Pipeline for Assisting Diagnosis of Children with Autism Spectrum Disorder via Automated Method for Classifying Repetitive Behaviors

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Sun, Jimin
Oh, HyunJoo
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We present automated methods to collect and provide motion data via sensors that can be used to assist the clinical decision-making process when diagnosing autism spectrum disorder (ASD) in children. The current limitation of assessment tools for diagnosing ASD in children is the subjectivity of the observer. We present a pipeline for automating the process of data collection when children interact with toys, specifically focusing on the repetitive behavior commonly portrayed among children with ASD. We used data that mimicked repetitive behaviors identified in different studies. Existing research and assessment of the diagnosis of ASD in children indicates the need for having an automated and quantifiable approach that can provide more than mere observation. It is important to note, however, that this can only aid existing methods of diagnosing autism, and its clinical relevance is to be further evaluated. It is critical for ASD to be detected at the early stages of the life of children. It has been supported that intervention for children with ASD is more effective in the younger age group and is beneficial for the long-term prognosis of children. Therefore, automated technology will potentially help increase the efficiency and objectivity of observation-based diagnostic procedures. We discuss how using simple technologies such as an Arduino board, could bring efficiency and objective analysis to the observation procedure in the diagnosis of ASD.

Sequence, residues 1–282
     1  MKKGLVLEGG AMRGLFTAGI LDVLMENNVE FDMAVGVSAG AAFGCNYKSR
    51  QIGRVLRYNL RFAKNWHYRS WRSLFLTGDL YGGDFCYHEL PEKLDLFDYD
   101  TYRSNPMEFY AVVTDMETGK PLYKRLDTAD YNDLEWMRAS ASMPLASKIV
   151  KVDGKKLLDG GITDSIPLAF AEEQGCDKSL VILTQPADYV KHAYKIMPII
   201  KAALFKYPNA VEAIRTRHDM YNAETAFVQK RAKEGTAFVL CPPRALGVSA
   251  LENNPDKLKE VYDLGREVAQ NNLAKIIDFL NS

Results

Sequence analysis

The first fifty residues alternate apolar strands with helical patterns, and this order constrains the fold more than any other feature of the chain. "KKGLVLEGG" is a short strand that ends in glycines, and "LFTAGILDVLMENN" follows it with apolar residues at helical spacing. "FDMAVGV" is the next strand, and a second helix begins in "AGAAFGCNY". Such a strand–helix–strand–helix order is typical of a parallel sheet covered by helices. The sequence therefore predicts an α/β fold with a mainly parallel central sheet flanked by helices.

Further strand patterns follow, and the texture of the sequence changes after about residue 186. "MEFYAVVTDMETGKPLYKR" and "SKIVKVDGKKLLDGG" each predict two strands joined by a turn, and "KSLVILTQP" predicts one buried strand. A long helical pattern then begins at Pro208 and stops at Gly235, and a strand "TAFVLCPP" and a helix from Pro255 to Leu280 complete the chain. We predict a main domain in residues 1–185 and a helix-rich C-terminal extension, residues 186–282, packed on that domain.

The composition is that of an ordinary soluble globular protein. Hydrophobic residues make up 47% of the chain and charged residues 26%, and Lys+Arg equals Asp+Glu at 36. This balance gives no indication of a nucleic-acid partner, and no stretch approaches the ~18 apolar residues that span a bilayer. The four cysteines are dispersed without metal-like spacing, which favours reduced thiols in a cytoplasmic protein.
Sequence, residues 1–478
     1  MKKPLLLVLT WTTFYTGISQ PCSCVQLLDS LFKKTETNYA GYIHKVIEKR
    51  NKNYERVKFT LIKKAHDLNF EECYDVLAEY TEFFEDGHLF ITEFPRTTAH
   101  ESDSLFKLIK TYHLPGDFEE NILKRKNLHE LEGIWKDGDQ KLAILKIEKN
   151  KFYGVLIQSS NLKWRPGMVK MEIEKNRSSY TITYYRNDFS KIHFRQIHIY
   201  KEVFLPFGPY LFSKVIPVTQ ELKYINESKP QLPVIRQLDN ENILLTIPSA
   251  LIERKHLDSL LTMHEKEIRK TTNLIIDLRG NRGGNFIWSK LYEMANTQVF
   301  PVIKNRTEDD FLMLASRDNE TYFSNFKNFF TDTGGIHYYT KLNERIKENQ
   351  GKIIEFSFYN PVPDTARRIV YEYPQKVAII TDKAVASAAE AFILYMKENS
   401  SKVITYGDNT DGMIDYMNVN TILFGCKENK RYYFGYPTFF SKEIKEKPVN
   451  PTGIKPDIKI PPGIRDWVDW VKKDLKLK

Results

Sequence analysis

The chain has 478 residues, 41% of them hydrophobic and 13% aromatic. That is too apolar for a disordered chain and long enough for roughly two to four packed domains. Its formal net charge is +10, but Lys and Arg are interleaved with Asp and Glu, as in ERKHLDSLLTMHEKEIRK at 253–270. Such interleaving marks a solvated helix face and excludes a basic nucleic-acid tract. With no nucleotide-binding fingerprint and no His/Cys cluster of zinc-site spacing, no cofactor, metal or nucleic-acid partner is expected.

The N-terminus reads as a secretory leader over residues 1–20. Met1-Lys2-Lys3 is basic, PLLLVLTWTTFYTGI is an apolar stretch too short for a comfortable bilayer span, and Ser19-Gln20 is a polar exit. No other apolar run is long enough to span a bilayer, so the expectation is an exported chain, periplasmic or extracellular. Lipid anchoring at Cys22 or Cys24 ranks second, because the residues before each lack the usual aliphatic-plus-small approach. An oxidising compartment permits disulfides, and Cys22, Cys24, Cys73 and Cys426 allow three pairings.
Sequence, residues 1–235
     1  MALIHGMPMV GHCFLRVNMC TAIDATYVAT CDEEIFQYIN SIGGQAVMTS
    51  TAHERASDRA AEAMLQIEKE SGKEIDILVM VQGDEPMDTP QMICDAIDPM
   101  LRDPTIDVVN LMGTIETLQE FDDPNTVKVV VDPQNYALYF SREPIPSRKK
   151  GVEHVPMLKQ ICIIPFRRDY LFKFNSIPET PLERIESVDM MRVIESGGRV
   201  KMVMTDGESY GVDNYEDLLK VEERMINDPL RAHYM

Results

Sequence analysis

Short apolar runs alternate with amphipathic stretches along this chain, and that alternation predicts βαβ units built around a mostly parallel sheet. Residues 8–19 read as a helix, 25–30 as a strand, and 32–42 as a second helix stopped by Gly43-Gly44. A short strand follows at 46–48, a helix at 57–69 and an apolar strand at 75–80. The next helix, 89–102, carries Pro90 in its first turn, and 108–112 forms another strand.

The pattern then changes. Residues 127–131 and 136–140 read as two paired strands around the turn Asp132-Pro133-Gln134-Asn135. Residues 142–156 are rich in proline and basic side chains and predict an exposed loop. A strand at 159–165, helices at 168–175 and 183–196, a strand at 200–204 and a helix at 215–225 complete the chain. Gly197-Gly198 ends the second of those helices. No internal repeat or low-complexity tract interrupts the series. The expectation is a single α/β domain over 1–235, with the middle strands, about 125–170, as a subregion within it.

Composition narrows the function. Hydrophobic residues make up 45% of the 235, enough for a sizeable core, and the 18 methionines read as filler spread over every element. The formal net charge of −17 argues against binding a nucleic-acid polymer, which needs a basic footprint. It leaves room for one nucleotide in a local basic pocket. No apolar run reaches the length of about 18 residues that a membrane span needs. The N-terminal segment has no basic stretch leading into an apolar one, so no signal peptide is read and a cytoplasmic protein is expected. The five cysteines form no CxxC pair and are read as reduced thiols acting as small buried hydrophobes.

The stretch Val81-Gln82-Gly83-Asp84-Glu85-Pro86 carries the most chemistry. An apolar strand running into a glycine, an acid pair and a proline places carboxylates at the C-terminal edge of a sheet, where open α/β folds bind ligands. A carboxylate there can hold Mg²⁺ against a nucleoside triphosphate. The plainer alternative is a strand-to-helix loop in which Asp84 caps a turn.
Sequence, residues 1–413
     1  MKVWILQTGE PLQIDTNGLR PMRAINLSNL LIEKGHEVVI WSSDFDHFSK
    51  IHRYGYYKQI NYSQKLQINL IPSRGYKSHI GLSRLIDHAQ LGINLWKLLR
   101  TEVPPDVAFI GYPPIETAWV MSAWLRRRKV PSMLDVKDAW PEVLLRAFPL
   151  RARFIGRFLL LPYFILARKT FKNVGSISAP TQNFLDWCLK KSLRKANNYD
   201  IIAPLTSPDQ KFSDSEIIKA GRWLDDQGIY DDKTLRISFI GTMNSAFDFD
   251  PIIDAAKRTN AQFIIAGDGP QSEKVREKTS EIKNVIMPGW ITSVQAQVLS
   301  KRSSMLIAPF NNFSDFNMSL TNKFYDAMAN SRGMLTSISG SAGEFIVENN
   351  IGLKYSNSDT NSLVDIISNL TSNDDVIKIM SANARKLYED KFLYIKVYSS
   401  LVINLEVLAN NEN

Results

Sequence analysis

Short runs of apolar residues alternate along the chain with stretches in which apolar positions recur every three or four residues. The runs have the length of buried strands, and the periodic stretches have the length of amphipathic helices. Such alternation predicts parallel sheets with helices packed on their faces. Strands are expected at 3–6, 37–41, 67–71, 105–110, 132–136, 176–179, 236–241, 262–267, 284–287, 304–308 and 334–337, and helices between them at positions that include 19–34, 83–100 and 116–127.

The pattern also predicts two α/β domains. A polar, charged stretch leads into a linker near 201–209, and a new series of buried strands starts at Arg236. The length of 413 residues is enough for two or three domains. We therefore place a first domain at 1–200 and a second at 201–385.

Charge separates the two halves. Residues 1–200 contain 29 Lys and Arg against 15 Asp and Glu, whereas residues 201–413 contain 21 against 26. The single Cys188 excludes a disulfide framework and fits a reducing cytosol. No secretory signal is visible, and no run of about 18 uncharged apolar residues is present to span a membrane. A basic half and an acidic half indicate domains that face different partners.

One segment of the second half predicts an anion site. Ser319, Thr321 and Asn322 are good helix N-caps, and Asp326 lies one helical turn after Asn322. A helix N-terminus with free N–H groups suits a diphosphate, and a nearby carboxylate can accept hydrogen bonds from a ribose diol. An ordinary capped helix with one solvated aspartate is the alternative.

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Undergraduate Thesis
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